IntroLight bulbs that are dimmable with regular light switch have many names depending on a manufacturer: DoRS (Dim on Regular Switch), 3-step dim, Free dimming, 4-step dim... They all have the same main concept: Switch lamp on and turn it off and quickly on again to switch the dimming level.
This same concept is used in flashlights which have multiple modes, usually couple different brightness levels and some kind of blinking mode.
HardwareTo use power switch as an input for a microcontroller is easier than some might think. Connecting a resistor (lets say 100k) between GPIO pin and positive side of capacitor (maybe 47uF?) and connecting negative side of the capacitor to ground is all the hardware that is needed.
So, how it works?
Above is digram of voltages over time. Red line is VCC of the microcontroller, which is first turned ON and then briefly OFF and ON again. Blue line is voltage of the capacitor connected to one of the GPIO pins through a resistor. When microcontroller is powered on (points A and C) it reads state of the pin where the capacitor is connected. At A it reads as LOW and microcontroller knows it was powered off for a while. GPIO pin will be changed to output HIGH, which makes the capacitor start charging until it reaches the VCC voltage. That is the normal state, where nothing else will happen automatically.
After switching off the VCC, capacitor will discharge through the resistor and the clamping diode inside the microcontroller internal input circuit. If VCC is switched on before capacitor's voltage reaches lower limit where microcontroller reads input as high, microcontroller will read the state of the pin at start up (at C on the diagram) and it will be HIGH. That tells the microcontroller that power was switched off only for a short duration and it will change into secondary state (dimmed LED).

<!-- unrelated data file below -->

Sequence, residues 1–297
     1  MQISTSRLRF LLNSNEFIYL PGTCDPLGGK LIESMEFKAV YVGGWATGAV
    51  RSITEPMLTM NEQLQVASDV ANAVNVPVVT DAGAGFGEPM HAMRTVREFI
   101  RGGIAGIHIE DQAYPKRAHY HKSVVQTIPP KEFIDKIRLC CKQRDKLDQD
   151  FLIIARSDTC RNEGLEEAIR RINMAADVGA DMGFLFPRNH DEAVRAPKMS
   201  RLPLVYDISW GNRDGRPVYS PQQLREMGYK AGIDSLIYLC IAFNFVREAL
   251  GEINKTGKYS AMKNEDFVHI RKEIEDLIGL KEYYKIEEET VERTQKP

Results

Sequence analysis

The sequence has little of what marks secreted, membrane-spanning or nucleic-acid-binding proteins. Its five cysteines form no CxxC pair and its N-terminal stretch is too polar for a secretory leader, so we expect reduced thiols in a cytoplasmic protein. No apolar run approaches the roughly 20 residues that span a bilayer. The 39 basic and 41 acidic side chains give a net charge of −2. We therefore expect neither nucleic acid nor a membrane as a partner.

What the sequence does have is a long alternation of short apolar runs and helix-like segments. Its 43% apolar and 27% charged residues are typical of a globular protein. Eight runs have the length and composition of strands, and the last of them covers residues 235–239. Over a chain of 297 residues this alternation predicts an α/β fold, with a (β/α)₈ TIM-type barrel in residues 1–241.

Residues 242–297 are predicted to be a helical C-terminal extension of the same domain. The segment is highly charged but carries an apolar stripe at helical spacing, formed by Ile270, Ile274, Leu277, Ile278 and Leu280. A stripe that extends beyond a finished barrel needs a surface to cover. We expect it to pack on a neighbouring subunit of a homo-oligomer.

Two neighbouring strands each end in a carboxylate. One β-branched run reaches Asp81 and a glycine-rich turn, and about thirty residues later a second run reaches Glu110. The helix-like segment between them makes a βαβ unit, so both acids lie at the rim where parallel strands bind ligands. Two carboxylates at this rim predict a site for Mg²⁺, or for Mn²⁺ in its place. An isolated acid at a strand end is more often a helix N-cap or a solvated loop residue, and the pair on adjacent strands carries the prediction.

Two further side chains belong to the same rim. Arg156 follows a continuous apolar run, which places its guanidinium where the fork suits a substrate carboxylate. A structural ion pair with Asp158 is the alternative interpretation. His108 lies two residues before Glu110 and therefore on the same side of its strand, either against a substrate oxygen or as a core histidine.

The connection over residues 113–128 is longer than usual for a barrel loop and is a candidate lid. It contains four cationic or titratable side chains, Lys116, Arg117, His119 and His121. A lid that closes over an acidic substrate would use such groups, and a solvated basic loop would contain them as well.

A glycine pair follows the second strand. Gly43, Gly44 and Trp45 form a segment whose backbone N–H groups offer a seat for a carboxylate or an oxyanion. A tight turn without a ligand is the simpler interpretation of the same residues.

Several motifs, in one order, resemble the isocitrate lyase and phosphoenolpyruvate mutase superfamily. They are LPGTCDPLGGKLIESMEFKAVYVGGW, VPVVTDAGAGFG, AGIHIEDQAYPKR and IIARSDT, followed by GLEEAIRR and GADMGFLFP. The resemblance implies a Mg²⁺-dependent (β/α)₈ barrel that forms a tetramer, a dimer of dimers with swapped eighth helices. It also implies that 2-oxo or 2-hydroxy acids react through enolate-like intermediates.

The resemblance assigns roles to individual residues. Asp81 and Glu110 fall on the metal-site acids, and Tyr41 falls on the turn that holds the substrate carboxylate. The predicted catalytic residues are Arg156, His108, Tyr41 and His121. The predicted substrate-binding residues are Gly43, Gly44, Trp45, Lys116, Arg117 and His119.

But that's just two steps, not three!
One GPIO pin with resistor and capacitor gives two step dimming: One after switching the power on and second after cycling the power off and on again. Adding third (and then fourth, fifth...) step can be done in couple of ways. I chose to add another resistor and capacitor to second GPIO. I start to charge the capacitor only after the first power cycle has been detected. Another way would be to store current state in EEPROM, read it back after switching the power on and changing to next state if the GPIO reads as HIGH.
VIDEOHere is my demonstration video. I used single LED, but it could be replaced with mosfet and multiple LEDs to create lamp that is more usable in real life.
SoftwareBelow is the code used in the demonstration. It's something I put together on a minute or so, but it doest the job!
If the code doesn't show up, here is the link to the PasteBin: